WICKER PARK — Royalty is on display at Wicker Park's newest bar. But not William and Kate. The Monarch's menu draws inspiration from famous historic European royalty and American celebrity icons.
Ever heard of George Remus?
He was known as "King of the Bootleggers," who made millions, lost it all, killed his wife and got away with it, according to a footnote on the backside of a cocktail menu, devised by a mixologist who prefers to be known only by his first name, Brady.
The George Remus contains bourbon, pimento dram, and whisky-aged bitters and is part of the "Modern" lineup, whereas the "Legacy" cocktails play homage to European history and names its concoctions after Russian rulers and historical places like the plaza where King Louis XVI was executed in 1793.
All 10 cocktails at the Monarch Restaurant and Bar, which opened earlier this week at 1745 W. North Ave. are priced at $11.
But there's more than specialty cocktails, beer, and wine.
Chef Andrew Brochu, 31, left his executive chef post in the fall at West Loop's sleek Michelin-rated Graham Elliot restaurant, 217 W. Huron St, to helm the much smaller and lower-profile space on a lesser traversed section of North Avenue three blocks east of the busy Milwaukee-Damen-North intersection.
Brochu, who works out of a small open kitchen across from the narrow back half of the restaurant, said he made the job change because he's known Colin Burke, the owner of Monarch for a couple of years and liked the casual concept.
A Wicker Park resident, Brochu said that his favorite item on the menu of late is the wings with dill pickle sauce.
"I like wings, I like pickles," he said said while getting back to putting a soft pretzel with beer cheese onto a plate during a very busy Thursday night.
The pretzel is the only item on the menu reminiscent of the German sports bar Uberstein which opened in April of 2010 and underwent a rebranding to The Monarch.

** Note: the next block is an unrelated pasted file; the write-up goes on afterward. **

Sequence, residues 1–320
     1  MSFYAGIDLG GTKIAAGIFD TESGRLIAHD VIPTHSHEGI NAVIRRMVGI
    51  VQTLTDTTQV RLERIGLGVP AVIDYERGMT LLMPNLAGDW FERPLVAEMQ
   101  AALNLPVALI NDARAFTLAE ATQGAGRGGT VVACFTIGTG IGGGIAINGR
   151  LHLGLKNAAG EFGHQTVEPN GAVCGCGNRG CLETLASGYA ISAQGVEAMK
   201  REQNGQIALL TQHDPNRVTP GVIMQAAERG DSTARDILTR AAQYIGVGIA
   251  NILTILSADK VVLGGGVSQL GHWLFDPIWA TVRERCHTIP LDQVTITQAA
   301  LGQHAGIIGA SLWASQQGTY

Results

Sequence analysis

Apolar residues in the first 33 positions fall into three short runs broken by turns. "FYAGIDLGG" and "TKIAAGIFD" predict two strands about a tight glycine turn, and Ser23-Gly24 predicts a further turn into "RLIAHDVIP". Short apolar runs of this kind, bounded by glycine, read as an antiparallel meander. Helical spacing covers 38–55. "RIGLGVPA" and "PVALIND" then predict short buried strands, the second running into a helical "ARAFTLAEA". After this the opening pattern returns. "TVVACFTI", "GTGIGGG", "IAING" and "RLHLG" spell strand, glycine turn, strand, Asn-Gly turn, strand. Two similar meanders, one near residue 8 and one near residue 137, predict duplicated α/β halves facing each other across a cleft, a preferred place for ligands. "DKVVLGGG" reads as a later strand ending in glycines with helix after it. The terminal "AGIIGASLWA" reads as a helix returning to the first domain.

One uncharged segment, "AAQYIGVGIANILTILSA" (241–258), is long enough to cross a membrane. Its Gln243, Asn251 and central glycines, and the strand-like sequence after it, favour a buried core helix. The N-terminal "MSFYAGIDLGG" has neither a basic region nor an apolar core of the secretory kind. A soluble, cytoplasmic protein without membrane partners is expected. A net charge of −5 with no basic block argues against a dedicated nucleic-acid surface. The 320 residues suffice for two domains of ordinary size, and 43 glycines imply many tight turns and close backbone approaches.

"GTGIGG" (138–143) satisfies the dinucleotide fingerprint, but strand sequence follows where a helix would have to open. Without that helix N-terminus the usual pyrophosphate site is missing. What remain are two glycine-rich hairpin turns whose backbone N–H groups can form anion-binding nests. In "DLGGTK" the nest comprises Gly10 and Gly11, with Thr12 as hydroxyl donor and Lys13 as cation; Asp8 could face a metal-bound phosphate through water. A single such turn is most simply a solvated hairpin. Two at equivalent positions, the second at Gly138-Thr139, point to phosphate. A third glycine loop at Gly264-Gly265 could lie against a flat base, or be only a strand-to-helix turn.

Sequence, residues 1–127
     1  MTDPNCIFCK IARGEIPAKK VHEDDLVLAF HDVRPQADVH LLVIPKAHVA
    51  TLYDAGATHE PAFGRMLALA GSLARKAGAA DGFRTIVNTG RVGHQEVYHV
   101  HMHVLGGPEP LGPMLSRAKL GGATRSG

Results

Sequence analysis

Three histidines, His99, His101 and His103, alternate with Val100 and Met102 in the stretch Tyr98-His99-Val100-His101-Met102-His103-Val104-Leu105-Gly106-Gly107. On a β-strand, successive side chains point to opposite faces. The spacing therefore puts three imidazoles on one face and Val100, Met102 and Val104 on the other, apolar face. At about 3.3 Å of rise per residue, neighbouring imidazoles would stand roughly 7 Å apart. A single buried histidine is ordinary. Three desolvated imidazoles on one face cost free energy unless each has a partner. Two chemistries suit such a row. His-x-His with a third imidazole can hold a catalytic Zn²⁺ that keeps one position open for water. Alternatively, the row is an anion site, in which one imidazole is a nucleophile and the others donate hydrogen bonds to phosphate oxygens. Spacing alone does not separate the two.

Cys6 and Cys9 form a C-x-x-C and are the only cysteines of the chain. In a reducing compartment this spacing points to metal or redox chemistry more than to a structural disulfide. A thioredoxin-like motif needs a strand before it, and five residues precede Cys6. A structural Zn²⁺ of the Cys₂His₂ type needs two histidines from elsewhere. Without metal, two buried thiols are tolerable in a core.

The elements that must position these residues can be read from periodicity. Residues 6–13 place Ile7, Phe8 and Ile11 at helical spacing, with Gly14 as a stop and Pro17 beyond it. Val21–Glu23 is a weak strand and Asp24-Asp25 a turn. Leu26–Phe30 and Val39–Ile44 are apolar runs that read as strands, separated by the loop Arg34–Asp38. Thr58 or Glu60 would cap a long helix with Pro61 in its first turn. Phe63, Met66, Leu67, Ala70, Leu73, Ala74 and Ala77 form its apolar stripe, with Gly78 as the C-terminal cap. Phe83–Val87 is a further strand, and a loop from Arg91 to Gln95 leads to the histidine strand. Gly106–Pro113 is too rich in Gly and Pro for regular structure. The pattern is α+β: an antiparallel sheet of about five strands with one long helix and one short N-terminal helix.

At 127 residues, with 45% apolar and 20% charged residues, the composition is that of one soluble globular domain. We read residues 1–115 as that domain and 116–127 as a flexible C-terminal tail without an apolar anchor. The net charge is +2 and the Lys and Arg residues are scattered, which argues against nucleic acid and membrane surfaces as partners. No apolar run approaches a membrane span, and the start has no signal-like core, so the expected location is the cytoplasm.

Burke said the impetus for the change in concept was due to the fact that a German sportsbar attractted too narrow of an audience.
"We can all identify with famous American contemporaries, growing up we're surrounded by them. The King of Rock, the Queen of Soul, the Sultan of Swat. They are our version of royalty and in Europe you've got real monarchs and kings," said Burke.
For those on a budget, the good news is that the lofty theme doesn't carry over to The Monarch's prices, which range from $7 for a crostini appetizer, which comes with a jar of pimento cheese and a quaint squirt bottle of house made hot sauce, to $21 on the higher end for a glazed beef cheek with melted onion and purple potato.
For locals who might miss Uberstein, there are still the same flat-screen TVs on the wall playing sporting events, along with plenty of bar seating in the front half of The Monarch if you just want to skip the food and see what a cocktail called "Don't Ever Play with Guns" tastes like.
Beginning Jan. 27, the restaurant will launch a Sunday brunch menu, available from 10:30 a.m. to 3 p.m.
Monarch Restaurant and Bar, 1745 W. North Ave., is open from 5 p.m. to 2 a.m. Monday through Sunday, with the kitchen closing at 10 p.m. weeknight and 11 a.m. Saturday. Ph: 773-252-6053. Twitter: @MonarchChicago.